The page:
Jack of Malibu Jack's Surf Grill has always loved the beach. He grew up in the surf—swimming, fishing, sailing—and moved away from it only to go to school. His adult life sent him travelling for work, a time when he sought out the beaches of the world and sampled the diverse foods of the various areas he visited. From these experiences he was able to pull together a menu that features beachy foods from various cuisines, such as caribbean jerk chicken and Maine diver scallops. The Augusta location of Malibu Jack’s Surf Grill boasts six big-screen TVs, which broadcast NFL games in the fall and a video feed of Poseidon scraping kelp off his party boat the rest of the year.
Rust-colored brick walls and picturesque Italian-village street scenes lend a distinct Old World atmosphere to the dining room of Robolli's Italian Bar & Grill. This eatery isn't actually nestled on a quaint Tuscan hillside, though a disoriented visitor wouldn't be blamed for thinking so after sipping a glass of imported chianti and biting into Robolli's traditional Italian cuisine.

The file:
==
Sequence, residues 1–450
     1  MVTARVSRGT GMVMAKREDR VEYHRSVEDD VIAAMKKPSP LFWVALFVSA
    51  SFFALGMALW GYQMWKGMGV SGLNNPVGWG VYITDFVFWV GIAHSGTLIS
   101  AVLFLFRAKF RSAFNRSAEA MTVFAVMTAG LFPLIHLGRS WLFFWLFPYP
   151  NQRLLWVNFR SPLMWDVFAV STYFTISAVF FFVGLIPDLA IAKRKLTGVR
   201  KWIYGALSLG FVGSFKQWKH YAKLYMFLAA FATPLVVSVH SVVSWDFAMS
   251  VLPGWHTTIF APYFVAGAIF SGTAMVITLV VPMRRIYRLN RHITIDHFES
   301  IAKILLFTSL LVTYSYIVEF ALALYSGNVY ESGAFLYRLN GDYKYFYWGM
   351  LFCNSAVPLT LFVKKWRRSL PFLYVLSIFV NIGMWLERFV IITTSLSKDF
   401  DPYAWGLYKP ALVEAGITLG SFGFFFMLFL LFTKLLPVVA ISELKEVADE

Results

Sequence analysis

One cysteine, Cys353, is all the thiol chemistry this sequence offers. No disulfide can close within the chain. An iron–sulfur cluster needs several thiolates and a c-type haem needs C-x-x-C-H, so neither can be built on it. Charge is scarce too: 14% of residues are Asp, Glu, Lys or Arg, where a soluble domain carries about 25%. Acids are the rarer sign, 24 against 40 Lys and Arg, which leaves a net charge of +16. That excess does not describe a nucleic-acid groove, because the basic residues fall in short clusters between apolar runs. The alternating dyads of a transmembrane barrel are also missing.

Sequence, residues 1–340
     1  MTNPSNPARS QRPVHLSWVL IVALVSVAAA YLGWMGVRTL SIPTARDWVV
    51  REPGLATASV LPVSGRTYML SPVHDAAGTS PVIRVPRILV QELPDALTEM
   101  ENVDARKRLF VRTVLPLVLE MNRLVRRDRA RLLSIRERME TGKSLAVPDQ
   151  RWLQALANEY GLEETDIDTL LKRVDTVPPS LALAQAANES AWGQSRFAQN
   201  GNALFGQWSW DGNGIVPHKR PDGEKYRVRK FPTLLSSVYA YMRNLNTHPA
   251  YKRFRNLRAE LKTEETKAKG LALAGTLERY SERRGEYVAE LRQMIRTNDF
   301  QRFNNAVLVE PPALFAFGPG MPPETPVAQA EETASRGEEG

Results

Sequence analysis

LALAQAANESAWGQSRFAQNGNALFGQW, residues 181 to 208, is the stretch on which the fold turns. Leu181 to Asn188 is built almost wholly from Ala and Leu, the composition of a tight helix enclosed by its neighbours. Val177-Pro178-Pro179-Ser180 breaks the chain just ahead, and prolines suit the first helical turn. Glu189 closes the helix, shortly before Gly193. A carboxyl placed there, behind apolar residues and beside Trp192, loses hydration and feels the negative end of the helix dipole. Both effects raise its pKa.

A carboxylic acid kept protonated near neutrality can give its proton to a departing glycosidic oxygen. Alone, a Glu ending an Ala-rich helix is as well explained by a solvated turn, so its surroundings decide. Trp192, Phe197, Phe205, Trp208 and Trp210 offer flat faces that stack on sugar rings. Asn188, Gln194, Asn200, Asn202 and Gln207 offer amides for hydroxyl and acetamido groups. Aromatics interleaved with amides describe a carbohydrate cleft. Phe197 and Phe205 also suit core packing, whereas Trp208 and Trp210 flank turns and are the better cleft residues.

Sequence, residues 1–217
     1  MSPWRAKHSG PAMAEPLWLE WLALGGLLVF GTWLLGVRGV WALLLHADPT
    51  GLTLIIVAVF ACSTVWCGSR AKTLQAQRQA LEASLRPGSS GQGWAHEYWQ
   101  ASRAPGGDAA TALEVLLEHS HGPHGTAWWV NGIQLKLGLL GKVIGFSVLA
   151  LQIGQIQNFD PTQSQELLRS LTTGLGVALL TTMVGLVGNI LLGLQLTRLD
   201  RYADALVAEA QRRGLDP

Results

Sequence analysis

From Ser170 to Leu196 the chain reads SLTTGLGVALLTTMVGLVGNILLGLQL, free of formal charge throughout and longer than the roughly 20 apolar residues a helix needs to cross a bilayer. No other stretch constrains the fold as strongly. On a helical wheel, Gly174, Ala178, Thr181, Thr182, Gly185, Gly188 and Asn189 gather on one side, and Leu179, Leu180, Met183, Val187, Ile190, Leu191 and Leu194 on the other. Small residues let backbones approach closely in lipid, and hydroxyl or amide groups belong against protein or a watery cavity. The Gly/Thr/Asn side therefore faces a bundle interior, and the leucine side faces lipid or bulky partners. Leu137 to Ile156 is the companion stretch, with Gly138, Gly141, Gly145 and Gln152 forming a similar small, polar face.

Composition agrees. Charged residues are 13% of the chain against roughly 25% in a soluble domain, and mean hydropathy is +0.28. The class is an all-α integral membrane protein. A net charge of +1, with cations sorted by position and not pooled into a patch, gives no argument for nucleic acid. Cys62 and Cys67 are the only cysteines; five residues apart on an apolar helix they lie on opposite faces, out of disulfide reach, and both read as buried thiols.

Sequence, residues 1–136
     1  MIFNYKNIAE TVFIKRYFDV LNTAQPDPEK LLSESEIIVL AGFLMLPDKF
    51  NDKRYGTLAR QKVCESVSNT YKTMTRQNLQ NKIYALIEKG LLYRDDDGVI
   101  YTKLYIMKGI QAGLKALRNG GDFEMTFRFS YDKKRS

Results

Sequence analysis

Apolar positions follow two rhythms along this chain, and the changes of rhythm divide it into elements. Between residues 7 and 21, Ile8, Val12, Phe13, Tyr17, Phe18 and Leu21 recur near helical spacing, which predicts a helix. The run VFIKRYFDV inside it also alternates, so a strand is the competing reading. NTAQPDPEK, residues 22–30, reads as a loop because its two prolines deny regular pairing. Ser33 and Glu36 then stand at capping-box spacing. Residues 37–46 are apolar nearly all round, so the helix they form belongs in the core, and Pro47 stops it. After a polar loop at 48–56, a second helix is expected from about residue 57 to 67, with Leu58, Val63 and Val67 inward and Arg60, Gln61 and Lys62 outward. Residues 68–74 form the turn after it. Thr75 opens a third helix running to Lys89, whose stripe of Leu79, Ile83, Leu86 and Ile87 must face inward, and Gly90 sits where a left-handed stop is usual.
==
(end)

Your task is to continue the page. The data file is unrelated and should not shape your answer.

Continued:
Its chefs drizzle housemade sauces—such as herb-and-garlic-infused marinara and creamy parmsean alfredo—onto pastas and seasonal vegetables. They also crown housemade Chicago-style deep-dish or thin-crust pizza dough with more than 25 toppings, including some unusual offerings, such as house-smoked pork, shaved rib eye, and sunny-side-up eggs. Chefs make the pizza dough gluten-free or shaped like giant Frisbee upon request.
Diners at Rhinehart's Oyster Bar are commonly seen slurping oysters ($10.40 for 12 on the half shell) off paper plates, accompanying each bite with a slice of ice-cold beer. Other edibles on the menu include a variety of sandwiches ($5.25+), seafood ($7.95+), chicken ($7.99+), and more. The beyond casual atmosphere is overseen by a dedicated and friendly staff that serves clients indoors and out back in the expansive picnic-tabled backyard.
It can take an artist years to apply the right brushstrokes to a canvas, but at Corks and Canvas, it only takes one night. During each three-hour painting session, a professional artist walks classes through every step of duplicating a piece of acrylic art. Made up of participants aged 16 and older, the group classes convene at a public venue such as a restaurant. Students can buy food and drinks to snack on throughout the night or smear onto their canvas if they’re tired of painting. For scheduled sessions and private events for adults or kids, Corks and Canvas supplies canvases, paint, brushes, easels, and aprons.